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). In sacrificing Himself for us, Christ bore our sin and its penalties (Isaiah 53:4-6 Isaiah 53:4-6 [4] Surely he has borne our griefs, and carried our sorrows: yet we did esteem him stricken, smitten of God, and afflicted. [5] But he was wounded for our transgressions, he was bruised for our iniquities: the chastisement of our peace was on him; and with his stripes we are healed. [6] All we like sheep have gone astray; we have turned every one to his own way; and the LORD has laid on him the iniquity of us all.
American King James Version×
). Indeed, the Bible says that He became “sin for us” (2 Corinthians 5:21 2 Corinthians 5:21For he has made him to be sin for us, who knew no sin; that we might be made the righteousness of God in him.
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). And as sin separates us from God (Isaiah 59:2 Isaiah 59:2But your iniquities have separated between you and your God, and your sins have hid his face from you, that he will not hear.
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), Christ could not be in the Father’s perfect presence at the moment He bore our sins and endured its ultimate penalty of death (compare Matthew 27:46 Matthew 27:46And about the ninth hour Jesus cried with a loud voice, saying, Eli, Eli, lama sabachthani? that is to say, My God, my God, why have you forsaken me?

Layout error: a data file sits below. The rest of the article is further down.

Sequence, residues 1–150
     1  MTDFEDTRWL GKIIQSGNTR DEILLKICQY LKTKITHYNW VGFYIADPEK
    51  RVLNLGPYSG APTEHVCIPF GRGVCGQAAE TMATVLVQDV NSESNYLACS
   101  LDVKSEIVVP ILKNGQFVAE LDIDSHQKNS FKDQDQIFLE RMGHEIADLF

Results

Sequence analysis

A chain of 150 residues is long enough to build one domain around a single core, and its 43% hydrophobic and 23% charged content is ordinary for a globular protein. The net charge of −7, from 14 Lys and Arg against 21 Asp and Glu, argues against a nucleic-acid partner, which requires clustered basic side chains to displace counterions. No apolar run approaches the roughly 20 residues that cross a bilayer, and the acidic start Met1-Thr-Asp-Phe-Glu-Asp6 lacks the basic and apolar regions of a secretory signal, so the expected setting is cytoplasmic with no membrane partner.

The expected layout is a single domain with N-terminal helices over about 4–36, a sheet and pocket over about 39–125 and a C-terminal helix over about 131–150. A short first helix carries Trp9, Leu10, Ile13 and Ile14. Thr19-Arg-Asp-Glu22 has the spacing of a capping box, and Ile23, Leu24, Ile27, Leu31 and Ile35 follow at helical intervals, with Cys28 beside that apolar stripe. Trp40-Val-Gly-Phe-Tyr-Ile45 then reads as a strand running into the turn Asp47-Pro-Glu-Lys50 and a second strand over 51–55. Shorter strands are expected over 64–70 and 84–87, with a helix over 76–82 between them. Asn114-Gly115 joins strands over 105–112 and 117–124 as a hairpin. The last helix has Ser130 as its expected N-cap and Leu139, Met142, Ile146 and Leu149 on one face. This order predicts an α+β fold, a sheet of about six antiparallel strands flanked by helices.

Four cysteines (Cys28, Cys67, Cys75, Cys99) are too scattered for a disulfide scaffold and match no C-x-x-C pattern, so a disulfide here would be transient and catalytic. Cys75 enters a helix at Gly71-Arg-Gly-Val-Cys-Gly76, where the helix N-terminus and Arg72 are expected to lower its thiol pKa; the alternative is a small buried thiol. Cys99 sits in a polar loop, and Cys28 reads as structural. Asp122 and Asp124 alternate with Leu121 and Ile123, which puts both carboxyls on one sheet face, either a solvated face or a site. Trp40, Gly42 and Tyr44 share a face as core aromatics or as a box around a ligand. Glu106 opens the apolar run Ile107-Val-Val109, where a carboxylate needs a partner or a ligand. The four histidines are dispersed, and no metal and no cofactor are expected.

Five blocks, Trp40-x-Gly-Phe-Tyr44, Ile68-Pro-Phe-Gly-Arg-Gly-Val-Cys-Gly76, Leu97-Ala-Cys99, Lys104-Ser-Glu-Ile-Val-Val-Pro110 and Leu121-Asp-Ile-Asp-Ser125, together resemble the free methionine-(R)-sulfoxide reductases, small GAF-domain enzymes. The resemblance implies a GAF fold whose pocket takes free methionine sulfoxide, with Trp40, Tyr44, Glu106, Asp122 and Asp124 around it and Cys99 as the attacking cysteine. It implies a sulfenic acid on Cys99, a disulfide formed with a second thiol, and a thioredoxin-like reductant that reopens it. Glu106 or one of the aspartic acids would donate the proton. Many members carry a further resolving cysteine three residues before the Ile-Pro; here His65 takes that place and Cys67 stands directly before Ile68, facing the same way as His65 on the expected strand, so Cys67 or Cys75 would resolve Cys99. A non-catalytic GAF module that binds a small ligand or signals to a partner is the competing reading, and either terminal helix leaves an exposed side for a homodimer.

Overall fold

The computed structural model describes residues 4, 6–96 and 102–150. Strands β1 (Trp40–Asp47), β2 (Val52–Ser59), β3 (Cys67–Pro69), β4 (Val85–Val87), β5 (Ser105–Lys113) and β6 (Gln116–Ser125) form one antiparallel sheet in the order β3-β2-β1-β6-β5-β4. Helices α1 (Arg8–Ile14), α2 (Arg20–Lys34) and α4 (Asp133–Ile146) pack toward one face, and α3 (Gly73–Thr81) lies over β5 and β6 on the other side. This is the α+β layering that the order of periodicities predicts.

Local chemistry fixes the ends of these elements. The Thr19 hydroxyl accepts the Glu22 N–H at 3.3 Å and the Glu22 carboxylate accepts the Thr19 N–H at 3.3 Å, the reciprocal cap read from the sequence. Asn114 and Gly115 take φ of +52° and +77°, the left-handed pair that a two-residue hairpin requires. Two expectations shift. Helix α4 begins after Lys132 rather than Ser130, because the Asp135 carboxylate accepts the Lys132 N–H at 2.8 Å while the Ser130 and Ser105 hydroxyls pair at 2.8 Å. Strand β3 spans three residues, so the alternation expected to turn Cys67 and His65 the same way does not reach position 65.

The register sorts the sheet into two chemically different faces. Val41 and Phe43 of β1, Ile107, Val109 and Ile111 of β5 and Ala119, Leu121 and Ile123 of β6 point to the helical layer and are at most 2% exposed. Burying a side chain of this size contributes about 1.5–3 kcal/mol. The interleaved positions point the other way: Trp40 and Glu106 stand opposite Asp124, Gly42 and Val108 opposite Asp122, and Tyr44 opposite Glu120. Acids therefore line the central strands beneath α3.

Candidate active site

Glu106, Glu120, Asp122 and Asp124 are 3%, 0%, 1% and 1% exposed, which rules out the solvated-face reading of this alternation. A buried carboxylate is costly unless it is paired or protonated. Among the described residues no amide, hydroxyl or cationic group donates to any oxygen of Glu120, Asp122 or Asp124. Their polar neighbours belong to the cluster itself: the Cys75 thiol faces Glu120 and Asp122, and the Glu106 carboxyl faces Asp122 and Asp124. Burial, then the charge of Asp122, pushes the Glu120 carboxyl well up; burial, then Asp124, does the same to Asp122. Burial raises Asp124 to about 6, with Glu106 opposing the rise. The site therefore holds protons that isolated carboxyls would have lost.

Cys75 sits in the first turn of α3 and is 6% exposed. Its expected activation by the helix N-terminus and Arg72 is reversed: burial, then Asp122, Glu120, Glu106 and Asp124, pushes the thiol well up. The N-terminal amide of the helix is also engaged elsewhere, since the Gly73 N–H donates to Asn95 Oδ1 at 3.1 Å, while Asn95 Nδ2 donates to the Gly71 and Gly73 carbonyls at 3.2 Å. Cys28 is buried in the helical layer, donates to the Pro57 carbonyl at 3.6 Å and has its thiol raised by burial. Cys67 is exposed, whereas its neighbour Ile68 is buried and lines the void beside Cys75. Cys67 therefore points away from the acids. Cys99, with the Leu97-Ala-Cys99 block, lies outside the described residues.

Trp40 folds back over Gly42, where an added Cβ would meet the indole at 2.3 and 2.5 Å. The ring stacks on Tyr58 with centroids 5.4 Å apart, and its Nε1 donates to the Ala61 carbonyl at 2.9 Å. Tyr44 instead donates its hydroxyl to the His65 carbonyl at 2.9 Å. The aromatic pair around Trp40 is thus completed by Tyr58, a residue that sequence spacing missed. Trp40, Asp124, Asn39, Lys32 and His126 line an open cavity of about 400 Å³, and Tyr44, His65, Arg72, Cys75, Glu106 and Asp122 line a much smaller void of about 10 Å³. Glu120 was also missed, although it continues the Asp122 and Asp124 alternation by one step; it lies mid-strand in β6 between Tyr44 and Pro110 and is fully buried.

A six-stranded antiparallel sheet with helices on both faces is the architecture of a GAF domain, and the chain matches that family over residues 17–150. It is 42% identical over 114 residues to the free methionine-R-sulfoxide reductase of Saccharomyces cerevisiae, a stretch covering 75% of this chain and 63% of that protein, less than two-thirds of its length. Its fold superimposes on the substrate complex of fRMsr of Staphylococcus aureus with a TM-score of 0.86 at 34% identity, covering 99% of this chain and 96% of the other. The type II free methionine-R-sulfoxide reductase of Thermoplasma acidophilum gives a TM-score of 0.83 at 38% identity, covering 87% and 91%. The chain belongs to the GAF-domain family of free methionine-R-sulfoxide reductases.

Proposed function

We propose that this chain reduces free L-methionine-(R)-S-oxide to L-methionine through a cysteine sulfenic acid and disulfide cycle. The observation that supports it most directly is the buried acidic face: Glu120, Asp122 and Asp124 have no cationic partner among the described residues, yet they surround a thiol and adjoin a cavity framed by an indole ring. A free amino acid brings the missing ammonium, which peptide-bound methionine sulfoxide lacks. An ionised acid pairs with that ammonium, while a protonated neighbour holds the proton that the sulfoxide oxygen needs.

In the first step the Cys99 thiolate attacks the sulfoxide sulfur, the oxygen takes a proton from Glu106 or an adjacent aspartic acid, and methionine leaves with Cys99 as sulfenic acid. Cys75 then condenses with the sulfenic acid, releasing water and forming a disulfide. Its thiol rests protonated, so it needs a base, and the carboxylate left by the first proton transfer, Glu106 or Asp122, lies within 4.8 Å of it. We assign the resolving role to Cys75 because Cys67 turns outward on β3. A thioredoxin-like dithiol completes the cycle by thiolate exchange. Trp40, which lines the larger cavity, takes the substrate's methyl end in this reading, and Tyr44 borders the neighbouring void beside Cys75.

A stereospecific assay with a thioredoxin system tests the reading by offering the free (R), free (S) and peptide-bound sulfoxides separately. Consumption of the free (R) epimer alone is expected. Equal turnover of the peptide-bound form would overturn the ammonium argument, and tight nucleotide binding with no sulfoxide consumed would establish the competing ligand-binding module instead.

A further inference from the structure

American King James Version×
). Thus, in bearing our sin, Christ could properly be depicted with the image of a raised serpent. When we look upon Christ’s death by crucifixion for our sins and His resurrection from that death into new life, we can have the penalty for sin removed from us and also be granted new life (Romans 5:9-10 Romans 5:9-10 [9] Much more then, being now justified by his blood, we shall be saved from wrath through him. [10] For if, when we were enemies, we were reconciled to God by the death of his Son, much more, being reconciled, we shall be saved by his life.
American King James Version×
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In later years, the Israelites will view the bronze serpent as a holy relic of veneration and begin worshiping it. For this reason, it will wisely be destroyed by righteous King Hezekiah (2 Kings 18:4 2 Kings 18:4He removed the high places, and broke the images, and cut down the groves, and broke in pieces the brazen serpent that Moses had made: for to those days the children of Israel did burn incense to it: and he called it Nehushtan.
American King James Version×
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Verse 14 of Numbers 21 mentions the “Book of the Wars of the Lord.” The Nelson Study Bible says this “refers to an early collection of songs and writings known today only from this citation. The fact that Numbers draws upon other early Hebrew writings shows that the ancient Hebrew peoples had other literature in addition to Scripture.” This book is not in existence today.